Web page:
Explaining the Hotness of Stephen Moyer in Six Sentences


In the wake of the Golden Globes, the Internet has asked: “Explain to me the hotness of this guy in 6 sentences. I do not doubt his attractiveness. But the moisture ratio of lady flowers on the internet about this guy are reaching Draper proportions. THIS INTRIGUES me enough to ask the question but not enough to watch True Blood.” God, six sentences? Okay.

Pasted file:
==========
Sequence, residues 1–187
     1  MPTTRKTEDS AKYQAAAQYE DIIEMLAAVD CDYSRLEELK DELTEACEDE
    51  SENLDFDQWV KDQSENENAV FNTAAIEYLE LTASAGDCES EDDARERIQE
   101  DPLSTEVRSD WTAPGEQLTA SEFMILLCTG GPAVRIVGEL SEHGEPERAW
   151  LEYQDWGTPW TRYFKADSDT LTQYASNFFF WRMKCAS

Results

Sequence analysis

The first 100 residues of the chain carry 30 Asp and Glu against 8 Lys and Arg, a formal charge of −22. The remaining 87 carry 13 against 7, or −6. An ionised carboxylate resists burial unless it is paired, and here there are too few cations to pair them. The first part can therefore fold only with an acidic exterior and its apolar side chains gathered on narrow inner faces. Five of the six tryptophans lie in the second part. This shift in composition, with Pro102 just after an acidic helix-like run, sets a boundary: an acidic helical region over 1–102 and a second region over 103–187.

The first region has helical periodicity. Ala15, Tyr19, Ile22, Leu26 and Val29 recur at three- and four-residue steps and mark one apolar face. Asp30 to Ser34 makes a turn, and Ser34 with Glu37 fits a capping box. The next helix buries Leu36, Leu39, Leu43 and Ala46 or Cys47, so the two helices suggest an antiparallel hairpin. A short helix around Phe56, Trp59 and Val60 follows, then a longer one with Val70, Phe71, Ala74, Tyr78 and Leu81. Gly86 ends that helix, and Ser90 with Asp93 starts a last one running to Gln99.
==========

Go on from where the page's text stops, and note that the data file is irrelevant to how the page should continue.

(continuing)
The sexual thing people have for Stephen Moyer (fiance of True Blood co-star Anna Paquin) is disturbing and two-fold. The lesser component of it has to do with himself (as opposed to his character): he is a grown-up, 40-year-old, sweary, craggy East End lad, with a checkered English theater past (RSC, National Theatre of Wales, etc.) and clearly the owner of a high tolerance for alcohol and late nights (as well, he has the allure of a man with children from a former relationship, which is a very particular and niche kind of sexual charisma to a certain kind of (needy) person). What’s more important to his current (read: on-the-Internet) allure is actually more disturbing: it’s that his character is continually smolderingly angry and resentful, constantly unavailable in times of crisis and yet also eternally courtly-Southern and dignified and retrograde, feeding the slightly sick late-antebellum South fantasies that for misshapen reasons give some other kinds of ladies the sex-frisson. He matches up, actually, to all sorts of sexual devotion fantasies: he brutally kills everyone that threatens his love interest, for one thing; he stands up to the insanely regimental vampire society that also threatens his love interest; he also retains an inherent aura of sexual threat as he could accidentally snap his love interest’s neck at any moment. And the Draper reference is, yes, quite apt: he is broody, secretive, just approaching the far side of appropriate age for young women, and as well he’s remote, not at all prone to oversharing-and these behaviors conspire to create a constant and juvenile hysteria of narrative relationship drama, the kind of drama that inflames the sort of diary-keeping young person who think that love is a Victorian battle of all-out devotion, suicidal ideation and hyperactive, engineered passion (as opposed to, you know, constancy, respect and lack of drama). In short, he would never use Twitter, which is all anyone wants in a man.